Suicide Girls Sell Pics of Richard Prince Pics in Appropriation Tit for Tat

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(Photo: Suicidegirls Instagram feed)

The fire that Richard Prince started last September has apparently been stoked anew, thanks to this month’s Frieze art fair.

There the artist exhibited a new set of his appropriated Instagram photographs in the cavernous Gagosian Gallery booth. One of the pics was of a stylish doll maker who is becoming a fashion trendsetter, but most of the images in Mr. Prince’s artworks were taken from a feed belonging to the Suicide Girls, a community of “alternative” female models. The showing has set off a new torrent of shock, confusion, and outrage in the mainstream media.

The 65-year-old artist’s blown-up Instagram pictures—which supposedly cost close to $100,000 a piece—were panned by many including this critic, but high-powered collectors can’t seem to get enough of this latest body of work.

Mr. Prince’s sticky-fingered brand of appropriation is by no means new. Since the early ’80s he has adopted images from Marlboro Man adverts, celebrity head shots, and even the first edition Catcher in the Rye, all in the name of art.

But he has also had to fend off multiple lawsuits over the years due to this unique artistic approach, the most recent being a 2008 claim brought by photographer Patrick Cairou alleging that Mr. Prince illegally used 35 images from his photography book Yes Rasta. Though he was forced to destroy the rest of his Cairou-based works, Mr. Prince won his appeal and no copyright infringement was found.

So when Suicide Girls founder Selena Mooney a.k.a. Missy Suicide caught wind of Prince’s latest infraction, she opted for a different approach, instead choosing to reverse Mr. Prince’s tactic but at an affordable price. The following was recently posted by Mooney on the Suicide Girls website:

Everyone has been asking me what I thought about famous controversial artist Richard Prince taking a series of SuicideGirls Instagram posts and printing them out and selling them at a recent gallery show at the Gagosian Gallery of Beverly Hills for $90,000 a piece.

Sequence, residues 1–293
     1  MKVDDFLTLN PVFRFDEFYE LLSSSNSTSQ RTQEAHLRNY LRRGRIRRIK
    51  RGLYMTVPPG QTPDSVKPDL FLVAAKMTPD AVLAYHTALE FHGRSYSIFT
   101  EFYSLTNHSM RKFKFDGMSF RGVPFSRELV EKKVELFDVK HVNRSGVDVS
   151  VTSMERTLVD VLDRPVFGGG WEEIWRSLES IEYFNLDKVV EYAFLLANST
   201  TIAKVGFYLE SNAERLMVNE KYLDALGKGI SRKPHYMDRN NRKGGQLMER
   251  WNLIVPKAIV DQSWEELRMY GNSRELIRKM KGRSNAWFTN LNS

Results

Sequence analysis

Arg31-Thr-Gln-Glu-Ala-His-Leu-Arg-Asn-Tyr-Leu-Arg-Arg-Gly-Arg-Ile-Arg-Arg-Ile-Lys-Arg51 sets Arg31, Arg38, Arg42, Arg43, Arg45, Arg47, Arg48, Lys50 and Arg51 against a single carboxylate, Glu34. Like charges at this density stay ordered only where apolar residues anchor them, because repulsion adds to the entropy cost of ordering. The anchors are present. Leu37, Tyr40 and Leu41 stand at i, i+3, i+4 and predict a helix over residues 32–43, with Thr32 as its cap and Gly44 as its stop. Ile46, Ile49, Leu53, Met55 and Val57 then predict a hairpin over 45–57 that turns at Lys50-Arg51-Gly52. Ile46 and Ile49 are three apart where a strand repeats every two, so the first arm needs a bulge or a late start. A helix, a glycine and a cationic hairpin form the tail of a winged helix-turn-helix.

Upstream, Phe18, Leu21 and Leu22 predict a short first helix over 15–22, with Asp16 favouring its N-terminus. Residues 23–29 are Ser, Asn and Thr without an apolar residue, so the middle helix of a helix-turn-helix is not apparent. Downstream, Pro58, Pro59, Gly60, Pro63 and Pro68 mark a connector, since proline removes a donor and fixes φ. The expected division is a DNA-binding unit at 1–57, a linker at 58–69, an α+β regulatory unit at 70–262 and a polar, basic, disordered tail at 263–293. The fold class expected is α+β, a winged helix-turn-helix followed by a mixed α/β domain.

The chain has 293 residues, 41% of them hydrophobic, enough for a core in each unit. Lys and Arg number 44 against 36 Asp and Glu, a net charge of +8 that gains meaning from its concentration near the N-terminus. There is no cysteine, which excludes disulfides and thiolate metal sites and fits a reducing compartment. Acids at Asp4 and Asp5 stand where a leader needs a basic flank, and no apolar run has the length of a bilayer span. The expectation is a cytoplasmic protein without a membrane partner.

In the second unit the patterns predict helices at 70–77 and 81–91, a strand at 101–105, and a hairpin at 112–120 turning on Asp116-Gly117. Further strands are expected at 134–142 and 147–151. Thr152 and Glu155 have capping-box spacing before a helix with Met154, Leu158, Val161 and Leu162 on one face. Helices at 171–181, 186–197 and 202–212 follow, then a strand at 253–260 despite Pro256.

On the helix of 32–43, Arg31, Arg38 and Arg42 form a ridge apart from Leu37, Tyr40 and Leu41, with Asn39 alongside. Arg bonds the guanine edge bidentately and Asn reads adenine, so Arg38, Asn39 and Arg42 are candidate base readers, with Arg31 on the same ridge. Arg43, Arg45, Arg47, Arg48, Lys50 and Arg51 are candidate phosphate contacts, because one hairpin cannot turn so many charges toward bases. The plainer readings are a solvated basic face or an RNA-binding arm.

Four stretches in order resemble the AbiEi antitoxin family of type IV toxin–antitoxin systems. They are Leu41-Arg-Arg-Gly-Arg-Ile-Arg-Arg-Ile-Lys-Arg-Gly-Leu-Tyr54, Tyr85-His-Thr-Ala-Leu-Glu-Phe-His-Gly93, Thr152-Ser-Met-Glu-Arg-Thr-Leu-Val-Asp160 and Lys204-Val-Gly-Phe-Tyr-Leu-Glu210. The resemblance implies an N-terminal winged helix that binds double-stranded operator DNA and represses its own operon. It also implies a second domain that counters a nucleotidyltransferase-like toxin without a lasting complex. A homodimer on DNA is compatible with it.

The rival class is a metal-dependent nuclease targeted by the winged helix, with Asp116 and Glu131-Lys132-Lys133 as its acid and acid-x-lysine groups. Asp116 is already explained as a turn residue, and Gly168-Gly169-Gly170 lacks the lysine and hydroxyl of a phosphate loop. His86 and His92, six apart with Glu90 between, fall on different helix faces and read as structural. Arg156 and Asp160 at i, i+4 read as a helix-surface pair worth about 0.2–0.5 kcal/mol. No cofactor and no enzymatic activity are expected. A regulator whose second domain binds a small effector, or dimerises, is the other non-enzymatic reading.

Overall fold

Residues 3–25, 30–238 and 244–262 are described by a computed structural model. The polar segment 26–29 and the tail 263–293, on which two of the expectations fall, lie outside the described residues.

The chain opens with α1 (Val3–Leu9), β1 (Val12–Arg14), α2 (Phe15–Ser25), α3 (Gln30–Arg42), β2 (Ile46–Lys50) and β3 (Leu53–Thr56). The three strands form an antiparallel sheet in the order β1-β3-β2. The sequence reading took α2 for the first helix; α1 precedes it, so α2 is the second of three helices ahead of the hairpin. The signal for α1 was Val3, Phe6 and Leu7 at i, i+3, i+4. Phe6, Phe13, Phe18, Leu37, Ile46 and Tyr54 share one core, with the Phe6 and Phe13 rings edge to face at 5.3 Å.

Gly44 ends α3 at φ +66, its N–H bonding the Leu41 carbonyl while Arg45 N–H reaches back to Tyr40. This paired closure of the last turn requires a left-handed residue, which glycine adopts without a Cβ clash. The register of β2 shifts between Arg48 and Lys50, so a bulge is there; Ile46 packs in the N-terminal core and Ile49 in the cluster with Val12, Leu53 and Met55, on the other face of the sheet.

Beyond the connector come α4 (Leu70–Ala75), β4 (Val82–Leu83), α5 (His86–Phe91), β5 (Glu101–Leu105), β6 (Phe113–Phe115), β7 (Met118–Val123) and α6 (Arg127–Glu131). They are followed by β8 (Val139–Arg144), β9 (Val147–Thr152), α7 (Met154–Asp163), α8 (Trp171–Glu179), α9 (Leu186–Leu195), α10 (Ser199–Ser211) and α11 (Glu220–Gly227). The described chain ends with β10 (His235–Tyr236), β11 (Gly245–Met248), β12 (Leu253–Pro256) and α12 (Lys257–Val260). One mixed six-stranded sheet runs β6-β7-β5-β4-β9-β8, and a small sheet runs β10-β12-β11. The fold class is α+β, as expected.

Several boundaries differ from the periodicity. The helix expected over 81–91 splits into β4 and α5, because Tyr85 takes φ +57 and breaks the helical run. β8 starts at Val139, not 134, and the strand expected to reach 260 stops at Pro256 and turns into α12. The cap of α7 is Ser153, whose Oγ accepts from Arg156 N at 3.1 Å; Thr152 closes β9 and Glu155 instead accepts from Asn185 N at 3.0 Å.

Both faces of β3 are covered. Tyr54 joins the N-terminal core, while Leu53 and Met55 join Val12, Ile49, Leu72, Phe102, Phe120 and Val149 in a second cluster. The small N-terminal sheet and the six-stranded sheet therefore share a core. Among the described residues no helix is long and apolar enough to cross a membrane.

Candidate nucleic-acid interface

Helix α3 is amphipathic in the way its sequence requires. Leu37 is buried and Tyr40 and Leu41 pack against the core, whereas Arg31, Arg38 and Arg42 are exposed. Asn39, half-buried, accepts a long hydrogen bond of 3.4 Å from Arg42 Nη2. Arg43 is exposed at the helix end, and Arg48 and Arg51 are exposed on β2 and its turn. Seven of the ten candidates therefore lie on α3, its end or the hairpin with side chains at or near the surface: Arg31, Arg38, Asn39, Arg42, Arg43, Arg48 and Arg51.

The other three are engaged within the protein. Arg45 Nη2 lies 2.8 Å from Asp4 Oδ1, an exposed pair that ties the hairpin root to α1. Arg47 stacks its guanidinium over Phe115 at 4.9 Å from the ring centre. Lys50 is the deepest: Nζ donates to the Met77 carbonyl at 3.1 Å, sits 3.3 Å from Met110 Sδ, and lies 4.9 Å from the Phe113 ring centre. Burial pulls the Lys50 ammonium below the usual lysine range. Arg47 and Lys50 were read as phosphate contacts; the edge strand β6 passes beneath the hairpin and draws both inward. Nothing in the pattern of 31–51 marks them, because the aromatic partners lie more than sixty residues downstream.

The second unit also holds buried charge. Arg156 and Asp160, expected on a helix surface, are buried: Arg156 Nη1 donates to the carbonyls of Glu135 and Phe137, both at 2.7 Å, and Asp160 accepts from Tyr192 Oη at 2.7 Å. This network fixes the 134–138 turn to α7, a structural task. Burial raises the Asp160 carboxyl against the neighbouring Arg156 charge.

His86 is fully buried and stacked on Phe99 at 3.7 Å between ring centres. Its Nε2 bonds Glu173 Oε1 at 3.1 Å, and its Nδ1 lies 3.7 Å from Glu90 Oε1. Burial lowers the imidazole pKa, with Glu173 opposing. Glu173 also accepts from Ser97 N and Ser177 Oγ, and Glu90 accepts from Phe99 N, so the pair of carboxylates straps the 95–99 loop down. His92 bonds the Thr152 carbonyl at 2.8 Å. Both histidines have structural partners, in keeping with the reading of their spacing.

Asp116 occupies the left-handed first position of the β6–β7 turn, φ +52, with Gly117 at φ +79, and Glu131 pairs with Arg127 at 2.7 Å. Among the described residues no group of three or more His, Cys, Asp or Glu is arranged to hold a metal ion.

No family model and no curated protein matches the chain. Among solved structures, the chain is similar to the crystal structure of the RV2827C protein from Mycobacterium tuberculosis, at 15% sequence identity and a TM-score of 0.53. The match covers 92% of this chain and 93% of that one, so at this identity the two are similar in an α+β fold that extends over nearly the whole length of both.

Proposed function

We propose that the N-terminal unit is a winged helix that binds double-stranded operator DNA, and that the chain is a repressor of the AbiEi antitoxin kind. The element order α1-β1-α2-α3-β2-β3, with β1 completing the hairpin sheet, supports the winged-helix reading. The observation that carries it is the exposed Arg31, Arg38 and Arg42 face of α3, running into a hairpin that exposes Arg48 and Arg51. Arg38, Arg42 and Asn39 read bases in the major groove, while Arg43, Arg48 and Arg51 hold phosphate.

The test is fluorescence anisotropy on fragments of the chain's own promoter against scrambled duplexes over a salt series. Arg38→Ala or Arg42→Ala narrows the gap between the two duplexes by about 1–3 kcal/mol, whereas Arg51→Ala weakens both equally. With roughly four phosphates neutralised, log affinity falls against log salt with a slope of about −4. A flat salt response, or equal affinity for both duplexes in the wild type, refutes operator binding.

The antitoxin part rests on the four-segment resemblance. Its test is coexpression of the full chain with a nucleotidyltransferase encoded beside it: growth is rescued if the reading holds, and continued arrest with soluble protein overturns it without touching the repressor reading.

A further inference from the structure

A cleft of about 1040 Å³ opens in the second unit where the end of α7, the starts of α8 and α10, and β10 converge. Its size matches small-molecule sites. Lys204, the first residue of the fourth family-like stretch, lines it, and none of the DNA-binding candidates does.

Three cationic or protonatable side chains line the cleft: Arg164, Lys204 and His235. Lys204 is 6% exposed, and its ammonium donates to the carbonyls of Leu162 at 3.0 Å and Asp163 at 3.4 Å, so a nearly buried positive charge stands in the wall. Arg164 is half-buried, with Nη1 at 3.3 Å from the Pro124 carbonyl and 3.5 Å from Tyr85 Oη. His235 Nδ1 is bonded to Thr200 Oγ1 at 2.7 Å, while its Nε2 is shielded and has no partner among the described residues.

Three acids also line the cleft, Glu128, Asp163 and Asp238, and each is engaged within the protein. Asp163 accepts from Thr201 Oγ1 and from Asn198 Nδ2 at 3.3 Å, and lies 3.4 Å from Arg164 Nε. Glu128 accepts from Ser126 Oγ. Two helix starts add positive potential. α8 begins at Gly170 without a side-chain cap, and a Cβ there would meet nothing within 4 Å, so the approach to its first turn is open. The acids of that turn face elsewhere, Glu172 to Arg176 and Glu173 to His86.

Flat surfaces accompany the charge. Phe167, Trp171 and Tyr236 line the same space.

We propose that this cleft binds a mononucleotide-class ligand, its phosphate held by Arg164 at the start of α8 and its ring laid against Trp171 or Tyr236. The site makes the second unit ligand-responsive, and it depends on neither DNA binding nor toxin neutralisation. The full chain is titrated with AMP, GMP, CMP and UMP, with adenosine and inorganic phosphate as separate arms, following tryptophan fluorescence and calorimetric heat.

My first thought was I don’t know anyone who can spend $90,000 on anything other than a house. Maybe I know a few people who can spend it on a car. As to the copyright issue? If I had a nickel for every time someone used our images without our permission in a commercial endeavor I’d be able to spend $90,000 on art. I was once really annoyed by Forever 21 selling shirts with our slightly altered images on them, but an Artist?

Richard Prince is an artist and he found the images our girls and we publish on Instagram as representative of something worth commenting on, part of the zeitgeist, I guess? Thanks Richard!

Do we have Mr. Prince’s permission to sell these prints? We have the same permission from him that he had from us. 

I’m just bummed that his art is out of reach for people like me and the people portrayed in the art he is selling.

So we at SuicideGirls are going to sell the exact same prints people payed $90,000 for $90 each.

I hope you love them. Beautiful Art, 99.9% off the original price. 

https://suicidegirls.com/shop/instagram-art-1/
https://suicidegirls.com/shop/instagram-art-2/
https://suicidegirls.com/shop/instagram-art-3/
https://suicidegirls.com/shop/instagram-art-4/
https://suicidegirls.com/shop/instagram-art-5/

We will be donating the profits from sales to EFF.org. Urban art publisher Eyes On Walls (EyesOnWalls.com) is supporting the project by fulfilling the large canvas reproductions at cost.

xoxo
Missy